The golden rule of computing

Reading is important. I don't think anyone would disagree with that. Reading and understanding what you have read is such a simple concept. It has been drummed into us since we were children. We don't pay it any mind anymore, even though we know it to be true deep down inside.

JPCT 150713 Alan Stainer. Photo by Derek Martin
JPCT 150713 Alan Stainer. Photo by Derek Martin

What if I were to say that it is the single most important thing that will make your computing experience easier?

I speak truly and the reason I bring this to your attention, is because a lot of the problems we have with computers, are because we don’t read and understand important information when it is presented to us. It’s understandable, as human beings we lead incredible fast paced lives and are often in a hurry to get things done.

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What do I mean? How about an example. If you receive a prompt asking you to upgrade your PC to Windows 10 immediately or postpone it, you have two options. Unfortunately there are three ways to select them! You can click on the obvious buttons to postpone or install, but if you are in a rush and simply click the little x button to close the prompt, you will find Windows 10 is installing! The reason is of course, because you did not opt to postpone the install.

Now admittedly that example also highlights another problem. The people that design the systems and write the messages often make assumptions based upon their own experiences. I can tell you now that someone who is buried in computer code all day every day, may not realise that everyday normal people don’t understand that doing x will result in y. Which means taking the time to read and try to understand messages as they appear deserves a little more care and attention.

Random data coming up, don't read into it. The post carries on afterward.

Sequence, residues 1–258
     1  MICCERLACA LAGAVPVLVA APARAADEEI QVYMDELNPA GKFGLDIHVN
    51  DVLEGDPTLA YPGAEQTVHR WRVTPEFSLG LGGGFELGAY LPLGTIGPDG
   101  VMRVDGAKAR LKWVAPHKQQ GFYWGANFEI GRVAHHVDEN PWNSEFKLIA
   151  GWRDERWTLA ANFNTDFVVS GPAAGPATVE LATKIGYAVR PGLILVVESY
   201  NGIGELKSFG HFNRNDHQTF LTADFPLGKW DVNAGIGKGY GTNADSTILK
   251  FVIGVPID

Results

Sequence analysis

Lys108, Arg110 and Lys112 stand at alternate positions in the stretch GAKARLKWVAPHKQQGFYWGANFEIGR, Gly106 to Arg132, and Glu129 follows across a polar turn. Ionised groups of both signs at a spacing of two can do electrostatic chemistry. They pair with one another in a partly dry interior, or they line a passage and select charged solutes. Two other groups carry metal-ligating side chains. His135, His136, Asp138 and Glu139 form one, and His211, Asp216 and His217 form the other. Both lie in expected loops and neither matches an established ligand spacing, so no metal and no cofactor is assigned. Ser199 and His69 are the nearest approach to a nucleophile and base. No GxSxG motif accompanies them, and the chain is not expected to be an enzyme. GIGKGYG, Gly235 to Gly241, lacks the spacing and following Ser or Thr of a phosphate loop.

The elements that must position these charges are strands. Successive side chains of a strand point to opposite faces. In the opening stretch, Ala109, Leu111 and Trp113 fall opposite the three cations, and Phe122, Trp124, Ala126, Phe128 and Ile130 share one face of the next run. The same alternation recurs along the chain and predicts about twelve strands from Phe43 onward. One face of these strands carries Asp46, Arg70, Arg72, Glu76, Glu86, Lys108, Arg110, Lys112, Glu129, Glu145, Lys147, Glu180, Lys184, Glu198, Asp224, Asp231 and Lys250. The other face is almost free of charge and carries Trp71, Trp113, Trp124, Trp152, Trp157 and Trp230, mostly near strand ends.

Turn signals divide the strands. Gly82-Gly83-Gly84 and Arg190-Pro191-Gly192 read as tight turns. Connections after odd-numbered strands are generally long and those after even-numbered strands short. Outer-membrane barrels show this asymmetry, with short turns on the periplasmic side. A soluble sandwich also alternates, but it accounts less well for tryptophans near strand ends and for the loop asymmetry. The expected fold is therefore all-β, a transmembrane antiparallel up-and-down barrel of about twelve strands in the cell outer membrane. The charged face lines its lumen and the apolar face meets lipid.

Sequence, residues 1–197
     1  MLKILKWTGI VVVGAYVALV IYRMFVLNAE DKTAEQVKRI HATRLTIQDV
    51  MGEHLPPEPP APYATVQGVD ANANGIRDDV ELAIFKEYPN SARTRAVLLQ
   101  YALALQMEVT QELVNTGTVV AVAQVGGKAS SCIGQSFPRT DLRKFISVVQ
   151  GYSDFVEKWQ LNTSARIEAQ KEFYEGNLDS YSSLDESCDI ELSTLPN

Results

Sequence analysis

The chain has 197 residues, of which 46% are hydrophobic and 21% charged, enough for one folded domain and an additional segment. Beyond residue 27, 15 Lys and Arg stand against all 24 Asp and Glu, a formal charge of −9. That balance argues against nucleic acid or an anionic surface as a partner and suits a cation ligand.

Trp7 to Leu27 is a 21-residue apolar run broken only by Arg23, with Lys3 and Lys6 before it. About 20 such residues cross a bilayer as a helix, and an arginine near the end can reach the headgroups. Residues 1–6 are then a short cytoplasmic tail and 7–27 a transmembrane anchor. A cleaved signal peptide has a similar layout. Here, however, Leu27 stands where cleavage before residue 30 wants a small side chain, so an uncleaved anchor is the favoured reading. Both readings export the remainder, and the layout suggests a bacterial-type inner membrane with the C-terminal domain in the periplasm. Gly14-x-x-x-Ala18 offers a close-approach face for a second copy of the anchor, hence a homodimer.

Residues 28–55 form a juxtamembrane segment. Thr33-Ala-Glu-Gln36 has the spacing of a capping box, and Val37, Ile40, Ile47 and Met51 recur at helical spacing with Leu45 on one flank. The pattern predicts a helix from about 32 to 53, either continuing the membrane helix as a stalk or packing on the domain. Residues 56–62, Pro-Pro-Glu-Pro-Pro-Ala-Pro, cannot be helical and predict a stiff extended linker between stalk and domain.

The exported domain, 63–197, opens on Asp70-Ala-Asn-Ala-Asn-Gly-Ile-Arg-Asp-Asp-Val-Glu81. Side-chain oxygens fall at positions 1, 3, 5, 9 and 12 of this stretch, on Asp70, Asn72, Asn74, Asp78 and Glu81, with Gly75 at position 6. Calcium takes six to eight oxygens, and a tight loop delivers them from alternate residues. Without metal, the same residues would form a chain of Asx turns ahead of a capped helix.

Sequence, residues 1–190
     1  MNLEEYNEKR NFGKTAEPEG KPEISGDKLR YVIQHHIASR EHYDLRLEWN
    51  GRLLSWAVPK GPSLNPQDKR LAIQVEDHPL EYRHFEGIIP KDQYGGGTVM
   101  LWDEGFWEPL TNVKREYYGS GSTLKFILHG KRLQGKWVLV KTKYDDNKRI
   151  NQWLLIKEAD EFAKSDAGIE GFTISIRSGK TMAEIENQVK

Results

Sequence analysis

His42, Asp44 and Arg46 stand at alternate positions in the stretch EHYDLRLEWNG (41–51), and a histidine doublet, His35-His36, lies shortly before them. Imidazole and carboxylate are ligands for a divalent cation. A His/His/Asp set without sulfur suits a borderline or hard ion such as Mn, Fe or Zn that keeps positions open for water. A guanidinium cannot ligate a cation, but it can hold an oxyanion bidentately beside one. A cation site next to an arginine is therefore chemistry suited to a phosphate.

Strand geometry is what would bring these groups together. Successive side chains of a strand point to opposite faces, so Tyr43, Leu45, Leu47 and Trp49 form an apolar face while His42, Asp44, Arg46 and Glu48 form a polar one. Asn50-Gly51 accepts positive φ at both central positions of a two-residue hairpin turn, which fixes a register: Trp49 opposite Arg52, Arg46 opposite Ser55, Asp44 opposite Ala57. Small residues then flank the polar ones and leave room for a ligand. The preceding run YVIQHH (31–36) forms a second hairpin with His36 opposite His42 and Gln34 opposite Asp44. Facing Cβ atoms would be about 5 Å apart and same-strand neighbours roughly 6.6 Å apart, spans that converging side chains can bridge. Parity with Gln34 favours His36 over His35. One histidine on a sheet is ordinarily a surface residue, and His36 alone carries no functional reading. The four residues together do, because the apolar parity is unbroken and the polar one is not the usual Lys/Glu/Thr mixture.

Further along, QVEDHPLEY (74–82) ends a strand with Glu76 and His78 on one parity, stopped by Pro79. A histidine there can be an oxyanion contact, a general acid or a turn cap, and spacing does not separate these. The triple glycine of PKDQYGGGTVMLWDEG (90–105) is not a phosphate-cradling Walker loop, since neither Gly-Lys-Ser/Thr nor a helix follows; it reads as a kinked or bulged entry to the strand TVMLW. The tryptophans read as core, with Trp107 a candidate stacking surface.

Coming at this from another angle, if you ever have a problem and need to ask someone else for help, taking note of any error messages (instead of just dismissing them) is really important. The first thing a technician will ask is if there are any error messages and if so, what they say. They give the technician vital information that may be used to diagnose and resolve whatever issue it is that you are experiencing. Without that information the technician is often left in the dark and troubleshooting may take longer.

Some messages are really useful, with error codes and detailed information for those who understand such things and links to helpful articles describing the exact remedy. Others are not so useful and leave you scratching your head. Like the unforgettable Windows 10 upgrade error message that simply says, “Something happened.” Well duh. Thanks to whoever wrote that one, it was really helpful.

For times not like those, it really does pay to pay attention. It not only helps you to avoid things going wrong, but it can also help you fix things when they do. A lot of problems are simple to fix yourself or are simply not an issue if you read the prompts. You know the phrase less haste more speed? This is one of those things.